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EASTBIO: Impact of steroid hormone environment on immune cell phenotype and function

  • Full or part time
    Prof I McEwan
    Dr D Gibson
    Prof H M Wilson
  • Application Deadline
    Sunday, January 05, 2020
  • Competition Funded PhD Project (European/UK Students Only)
    Competition Funded PhD Project (European/UK Students Only)

Project Description


Professor Iain J McEwan (University of Aberdeen)

Dr Douglas Gibson (University of Edinburgh)

Professor Heather Wilson (University of Aberdeen)

Gender differences are increasingly recognised as factors in disease susceptibility, drug response and immune cell function. However, the underpinning biology is less well understood. Sex steroids including androgens are master regulators of cell function with well-established roles in regulation of metabolism, reproduction and cancers.

Androgens act through the androgen receptor and function as ‘Goldilocks factors’ with either too little, or too much, having an adverse effect on tissue function. Androgen concentrations differ with age, sex and disease which may underpin differences in prevalence and prognosis of several inflammatory disorders such as cardiovascular disease and rheumatoid arthritis. Androgen replacement has benefits for men with low testosterone (due to hypogonadism) and may have more general health benefits for ageing men and women by maintaining muscle and bone integrity and cardiovascular health - although this is controversial. The impact of androgens and androgen therapies on the immune landscape and aging immune system has largely been unexplored. This is important as changes in the immune system can increase susceptibility to infection or cancer progression if underactive and enhance susceptibility to autoimmunity and inflammatory diseases if overactivated.

We aim to investigate the regulation of androgen receptor expression and function in response to hormonal and immune cell modulators in macrophages and other immune cells as key regulators in health and disease.

Specific Research Questions and Objectives
1. Is the androgen receptor gene and/or protein differentially regulated in immune cells?
2. Do androgens alter the phenotype and/or function of immune cells?

As the androgen receptor acts as the gatekeeper for androgen action it is essential, we gain a full understanding of the molecular systems responsible for controlling expression and activation in diverse tissues. Using molecular biology approaches we have recently identified and characterised a novel binding site for androgen receptor, within its own gene, which mediates regulation of receptor expression in a cell type-dependent manner. We have established cell resources from male (prostate) and female (endometrium, breast) tissues and developed primary and co-culture systems to investigate immune cell cross-talk. Furthermore, we have established key functional assays for assessing the impacts of receptor agonists. We are therefore uniquely positioned to investigate and compare the molecular basis for regulation of the androgen receptor mRNA and protein and how this impact on immune cell phenotype and function.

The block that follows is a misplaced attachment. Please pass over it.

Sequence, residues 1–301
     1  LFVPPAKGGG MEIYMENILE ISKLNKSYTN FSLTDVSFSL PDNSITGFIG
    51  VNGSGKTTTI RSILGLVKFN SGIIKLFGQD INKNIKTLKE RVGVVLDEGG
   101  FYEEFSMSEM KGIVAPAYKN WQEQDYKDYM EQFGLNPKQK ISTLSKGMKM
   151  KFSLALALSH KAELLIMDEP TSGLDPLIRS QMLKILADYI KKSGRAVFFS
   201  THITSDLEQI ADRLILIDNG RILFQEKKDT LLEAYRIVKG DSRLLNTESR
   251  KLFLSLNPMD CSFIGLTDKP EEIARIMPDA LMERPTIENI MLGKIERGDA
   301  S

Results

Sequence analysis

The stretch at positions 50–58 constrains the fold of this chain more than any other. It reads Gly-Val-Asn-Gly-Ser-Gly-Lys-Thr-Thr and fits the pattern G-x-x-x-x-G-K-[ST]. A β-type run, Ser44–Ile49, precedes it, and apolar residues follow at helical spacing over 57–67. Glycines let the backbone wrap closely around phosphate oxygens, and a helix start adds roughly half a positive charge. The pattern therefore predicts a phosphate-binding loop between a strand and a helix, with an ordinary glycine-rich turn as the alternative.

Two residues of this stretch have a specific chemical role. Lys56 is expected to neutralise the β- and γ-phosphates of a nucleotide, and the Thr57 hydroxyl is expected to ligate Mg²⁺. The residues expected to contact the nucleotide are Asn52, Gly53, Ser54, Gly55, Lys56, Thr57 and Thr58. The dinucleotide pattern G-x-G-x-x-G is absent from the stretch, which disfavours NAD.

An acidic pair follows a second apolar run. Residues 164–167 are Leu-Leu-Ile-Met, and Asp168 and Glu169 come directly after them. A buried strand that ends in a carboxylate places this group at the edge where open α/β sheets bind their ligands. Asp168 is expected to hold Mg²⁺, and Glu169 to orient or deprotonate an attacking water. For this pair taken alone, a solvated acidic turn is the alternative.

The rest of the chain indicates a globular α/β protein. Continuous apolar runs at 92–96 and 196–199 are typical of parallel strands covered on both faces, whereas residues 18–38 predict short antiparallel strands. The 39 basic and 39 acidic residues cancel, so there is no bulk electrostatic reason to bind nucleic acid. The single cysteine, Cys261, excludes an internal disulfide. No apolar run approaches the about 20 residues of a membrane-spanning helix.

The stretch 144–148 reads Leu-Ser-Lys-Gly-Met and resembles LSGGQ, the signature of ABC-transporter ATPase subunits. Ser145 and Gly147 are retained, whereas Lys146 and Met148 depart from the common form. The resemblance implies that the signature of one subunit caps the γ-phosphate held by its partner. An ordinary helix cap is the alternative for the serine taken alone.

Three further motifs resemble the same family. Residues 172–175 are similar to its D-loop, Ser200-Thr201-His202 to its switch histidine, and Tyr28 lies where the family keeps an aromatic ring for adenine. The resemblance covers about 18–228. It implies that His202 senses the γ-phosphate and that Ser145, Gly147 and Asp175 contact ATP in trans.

Research Training
The supervisory team have both national and international reputations in the areas of immunology and macrophage and mast cell function as well as androgen signalling in male and female tissues, which makes us well placed to support the proposed project goals and training objectives.

The student will receive extensive training in cell biology, immunology and endocrinology as well as in advanced molecular methodologies specific to the project. A strong emphasis will be placed on training in experimental design, data collection and data analysis including statistics. The student will also benefit from the dynamic research environments offered by the Institute of Medical Sciences (Aberdeen) and the Centre for Inflammation Research (Edinburgh) as well as the exciting range of molecular, cellular and in vivo models that have been developed by the Wilson, Gibson and McEwan laboratories.

Application Procedure:

Please send your completed EASTBIO application form, along with academic transcripts and CV to Alison McLeod at . Two references should be provided by the deadline using the EASTBIO reference form. Please advise your referees to return the reference form to .

Funding Notes

This 4 year PhD project is part of a competition funded by EASTBIO BBSRC Doctoral Training Partnership. This opportunity is only open to UK nationals (or EU students who have been resident in the UK for 3+ years immediately prior to the programme start date) due to restrictions imposed by the funding body. Queries on eligibility? Email Alison McLeod ().

Candidates should have (or expect to achieve) a minimum of a First Class Honours degree in a relevant subject. Applicants with a minimum of a 2:1 Honours degree may be considered provided they have a Distinction at Masters level.


1. Hunter et al (2018) Tissue control of androgen action: The ups and downs of androgen receptor expression. Mol Cell Endocrinol. 465:27-35.
2. Trigunaite A, Dimo J, Jørgensen TN. (2015) Suppressive effects of androgens on the immune system. Cell Immunol. 294(2):87-94.
3. Gibson et al (2014). Evidence of androgen action in endometrial and ovarian cancers. Endocr Relat Cancer. 21(4):T203-18.

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